Delta Outflow Measurement: Tom Cannon writes, “Delta outflow has been estimated by state and federal agencies for over 50 years. The Department of Water Resource’s Delta Total Outflow is a daily-average algorithm calculated in cubic feet per second (cfs) for Station DTO, a hypothetical location near Chipps Island in Suisun Bay. The federal Bureau of Reclamation’s Delta Outflow estimate is calculated similarly and presented as a daily average flow in cubic feet per second on Reclamation’s website. Now a third estimate of Delta Outflow is available from the federal US Geological Survey on one of its websites (https://waterdata.usgs.gov/nwis/inventory?agency_code=USGS&site_no=380245121532301). This site has daily average estimates for a “gage” near Chipps Island since summer of 2016. The estimate is from tidally filtered flow/stage data.Content here … ” Read more from the California Fisheries Blog here: Delta Outflow Measurement
Providing Flows for Fish: Peter Moyle writes, “A reality in California and the American West is that people are competing with fish for water. We humans are winning the competition. However, because there are moral, aesthetic, and legal obligations to provide fish with water in streams, biologists like me often get asked the question “Just how much water do the fish need, anyway?” This, of course, is the wrong question because the best reply is “all of it!” if you consider the stream flows under which each fish species evolved, that often varied from raging torrents to gentle summer trickles across a single year. The question may then switch to, “well, what is the minimum flow we need to provide to keep the fish alive?” This is also the wrong question because if you keep a stream fish assemblage on minimum flows for a long enough period, most native species will likely disappear. In their place will be trout raised in hatcheries and non-native species like fathead minnows and green sunfish; these fish will live in a highly degraded habitats, signified by dead riparian trees and stagnant pools. A more useful question is “what is the optimal flow regime that will allow a diverse native fish fauna and other biota to thrive, while providing water for use by people?” … “ Read more from the California Water Blog here: Providing Flows for Fish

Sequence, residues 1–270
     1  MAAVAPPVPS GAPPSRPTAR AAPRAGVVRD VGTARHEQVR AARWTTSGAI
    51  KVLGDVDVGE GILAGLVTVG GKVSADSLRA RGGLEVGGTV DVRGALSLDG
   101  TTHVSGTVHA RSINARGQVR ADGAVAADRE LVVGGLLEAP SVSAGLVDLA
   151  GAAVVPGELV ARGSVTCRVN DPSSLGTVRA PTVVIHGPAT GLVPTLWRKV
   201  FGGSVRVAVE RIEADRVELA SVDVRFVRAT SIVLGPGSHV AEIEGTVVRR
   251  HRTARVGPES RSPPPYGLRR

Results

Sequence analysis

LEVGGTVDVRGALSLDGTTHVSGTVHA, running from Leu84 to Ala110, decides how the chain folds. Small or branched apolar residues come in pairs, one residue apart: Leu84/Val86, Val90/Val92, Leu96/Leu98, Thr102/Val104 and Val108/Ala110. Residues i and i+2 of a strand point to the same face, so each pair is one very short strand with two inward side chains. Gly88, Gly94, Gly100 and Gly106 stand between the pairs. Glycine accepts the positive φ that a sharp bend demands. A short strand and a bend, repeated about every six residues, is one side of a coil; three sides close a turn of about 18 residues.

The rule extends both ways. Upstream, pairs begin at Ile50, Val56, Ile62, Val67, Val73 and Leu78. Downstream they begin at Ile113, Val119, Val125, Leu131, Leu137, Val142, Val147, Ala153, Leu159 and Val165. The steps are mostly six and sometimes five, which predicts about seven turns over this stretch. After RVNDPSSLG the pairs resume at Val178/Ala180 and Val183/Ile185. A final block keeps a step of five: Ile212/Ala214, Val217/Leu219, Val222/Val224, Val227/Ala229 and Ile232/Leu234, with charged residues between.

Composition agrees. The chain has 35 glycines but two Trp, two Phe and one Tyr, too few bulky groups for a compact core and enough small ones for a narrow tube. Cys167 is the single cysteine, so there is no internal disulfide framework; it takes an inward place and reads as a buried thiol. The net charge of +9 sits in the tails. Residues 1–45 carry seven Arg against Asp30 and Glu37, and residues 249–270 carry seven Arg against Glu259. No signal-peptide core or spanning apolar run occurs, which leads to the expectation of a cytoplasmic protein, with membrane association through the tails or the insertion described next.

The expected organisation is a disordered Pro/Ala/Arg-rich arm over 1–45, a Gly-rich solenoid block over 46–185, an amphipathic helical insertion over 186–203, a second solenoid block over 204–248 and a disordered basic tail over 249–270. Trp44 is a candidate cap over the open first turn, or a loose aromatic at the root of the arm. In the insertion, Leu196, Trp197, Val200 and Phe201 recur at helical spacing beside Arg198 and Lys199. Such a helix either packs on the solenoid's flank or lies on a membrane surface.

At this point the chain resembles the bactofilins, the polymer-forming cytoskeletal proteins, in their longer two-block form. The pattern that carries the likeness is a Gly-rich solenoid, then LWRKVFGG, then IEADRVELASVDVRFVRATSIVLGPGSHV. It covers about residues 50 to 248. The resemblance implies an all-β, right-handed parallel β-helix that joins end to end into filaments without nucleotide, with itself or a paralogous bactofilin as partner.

Managing a Non-Native Delta Ecosystem: Lori Pottinger writes, “The Sacramento–San Joaquin Delta has more non-native species than native ones, and its estuary is considered the most invaded in the world. We talked to Jim Cloern—an emeritus scientist with the US Geological Survey and an adjunct fellow at the PPIC Water Policy Center—about this challenge. PPIC: How have non-native species changed the Delta? Jim Cloern: The plant and animal communities are very different than they were 50 years ago. There are more than 200 non-native species of animals and plants in the Bay and Delta; all were introduced by people, many in the last half century. Some of these introduced species are relatively low in abundance, but some have emerged as “keystone species.” That means they now play a prominent role in the ecosystem, either by changing processes like food production for fish or by reshaping biological communities. … “ Read more from the PPIC blog here: Managing a Non-Native Delta Ecosystem